National Theatre, Budapest
Director: Attila Vidnyánszky
2 hours 20 minutes, without breaks.
Ban Bánk is one of the greatest masterpieces of Hungarian drama literature, on a par with Csongor and Tünde or The Tragedy of Man. In his review, Ferenc Kulin argues that the protagonist of József Katona's play did nothing else wrong, but trying to shake off the sweet chains of family commitments in order to fulfill his duties as a politician. Rather than committing a moral or legal infringement, he opposed the power of love, and therefore he was meted out a fate of complete destruction. In Katona's world, this endeavour, doomed to certain failure, is tragically symptomatic to modern existence, where man is forced to gave up spirituality for law and order.
Having started to write the first draft in 1814, József Katona's play was first published in Kecskemét, in 1820. The author did not live long enough to be present at the premiere, which took place in Kassa in 1833, and saw legendary actress Déryné play the part of Melinda. In Pest, the piece was first performed in 1834. The first show in the National Theatre occurred in 1839. On 15 March 1848, the National Theatre turned the play into a gala performance. After the years of repression following the Revolution, starting from 1858, Ban Bánk became a popular centrepiece of the repertoire of both the National Theatre and other theatres. Erkel Ferenc adapted the play into an opera (with the libretto signed by Béni Egressy), which premiered in the National Theatre in 1861.
Attila Vidnyánszky had already directed Ban Bánk as an opera piece and a play, this latter being performed in the National Theatre in 2002. This show, which featured an expressive reenactment of the civil war at the time, heavily divided the public and generated some extreme responses. The staging of the original Ban Bánk in the Csokonai Theatre of Debrecen was another bold gesture, and an event of historical significance for the Hungarian scene of classical music, as it featured the original musical construction by Ferenc Erkel and the libretto of Béni Egressy, providing a much closer interpretation of the play to what Katona had originally intended.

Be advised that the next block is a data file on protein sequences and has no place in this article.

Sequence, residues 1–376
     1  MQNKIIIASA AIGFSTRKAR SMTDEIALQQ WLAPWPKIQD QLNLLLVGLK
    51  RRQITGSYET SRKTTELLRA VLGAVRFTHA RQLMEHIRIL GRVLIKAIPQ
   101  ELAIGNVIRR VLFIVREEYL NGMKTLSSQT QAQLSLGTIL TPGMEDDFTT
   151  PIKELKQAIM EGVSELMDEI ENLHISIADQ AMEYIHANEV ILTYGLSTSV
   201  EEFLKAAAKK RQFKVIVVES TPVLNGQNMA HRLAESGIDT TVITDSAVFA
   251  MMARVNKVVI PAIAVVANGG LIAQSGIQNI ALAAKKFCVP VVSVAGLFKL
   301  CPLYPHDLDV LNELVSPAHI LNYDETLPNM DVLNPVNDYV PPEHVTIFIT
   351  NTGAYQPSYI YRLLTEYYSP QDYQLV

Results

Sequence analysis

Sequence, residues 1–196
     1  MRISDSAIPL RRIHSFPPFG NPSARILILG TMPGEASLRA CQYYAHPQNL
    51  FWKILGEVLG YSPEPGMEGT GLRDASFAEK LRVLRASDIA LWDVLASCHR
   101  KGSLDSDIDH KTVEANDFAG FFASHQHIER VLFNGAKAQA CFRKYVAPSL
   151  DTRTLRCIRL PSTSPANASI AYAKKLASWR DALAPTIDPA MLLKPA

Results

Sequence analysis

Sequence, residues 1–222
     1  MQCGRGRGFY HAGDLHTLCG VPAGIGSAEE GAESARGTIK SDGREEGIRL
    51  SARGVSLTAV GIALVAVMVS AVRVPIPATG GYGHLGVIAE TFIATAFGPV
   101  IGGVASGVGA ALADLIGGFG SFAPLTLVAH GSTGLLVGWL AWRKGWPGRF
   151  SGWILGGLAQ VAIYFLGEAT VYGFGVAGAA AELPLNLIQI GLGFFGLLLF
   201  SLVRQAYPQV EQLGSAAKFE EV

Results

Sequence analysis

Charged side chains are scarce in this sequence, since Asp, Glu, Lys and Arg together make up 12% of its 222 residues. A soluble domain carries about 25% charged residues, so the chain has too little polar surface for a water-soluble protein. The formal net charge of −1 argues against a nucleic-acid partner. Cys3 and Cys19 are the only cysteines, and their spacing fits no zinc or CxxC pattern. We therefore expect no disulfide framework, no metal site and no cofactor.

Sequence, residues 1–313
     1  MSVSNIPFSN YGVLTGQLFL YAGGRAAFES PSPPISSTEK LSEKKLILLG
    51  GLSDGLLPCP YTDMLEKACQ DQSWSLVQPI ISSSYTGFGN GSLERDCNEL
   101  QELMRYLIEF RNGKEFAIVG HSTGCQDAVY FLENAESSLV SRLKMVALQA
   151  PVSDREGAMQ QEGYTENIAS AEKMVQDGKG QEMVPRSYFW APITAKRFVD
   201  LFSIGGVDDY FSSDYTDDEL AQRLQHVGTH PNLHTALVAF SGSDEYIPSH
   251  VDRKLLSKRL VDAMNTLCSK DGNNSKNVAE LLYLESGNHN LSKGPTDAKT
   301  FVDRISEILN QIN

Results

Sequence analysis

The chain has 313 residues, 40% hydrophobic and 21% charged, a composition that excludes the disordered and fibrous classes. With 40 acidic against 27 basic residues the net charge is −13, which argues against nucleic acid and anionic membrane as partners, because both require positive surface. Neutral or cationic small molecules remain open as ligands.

Attila Vidnyánszky proposes to adapt Ban Bánk to chamber theatre, offering to bring the dramatic tension, the language of utmost passion to the public, which, according to Antal Szerb, will bring about catharsis in its classical and tragical sense by "captivating the attention from the first to the last intonation". This approach will reveal whether it is still possible to present the web of interpersonal conflicts woven into the fabric of the play in a way as to make the younger generation perceptive to questions of national survival, with regard to both the present and the past.
László Mátray m.v.
Lajos Ottó Horváth
Tamás Szalma m.v.
Tamás Olt m.v.
Őrs Teszársz /
Hungarian lords and meranians
Ádám Kornél m.v., Bölkény Balázs m.v., Cseke Lilla Csenge m.v.,
Herczegh Péter, Hermányi Mariann m.v., Karácsony Gergely m.v.,
Kisari Zalán m.v., Kocsis Gábor m.v., Kovács Panka v, Kovács S.
József, Mészáros Martin, Péteri Lilla m.v., Szász Júlia, Szurcsík
Kornél Ádám e.h. m.v.
Balázs Bölkény m.v.
Lilla Csenge Cseke m.v.
Mariann Hermányi m.v.
Gergely Karácsony m.v.
Zalán Kisari m.v.
Gábor Kocsis m.v.
Panka Kovács m.v.
Lilla Péteri m.v.
Ádám Szúrcsík m.v.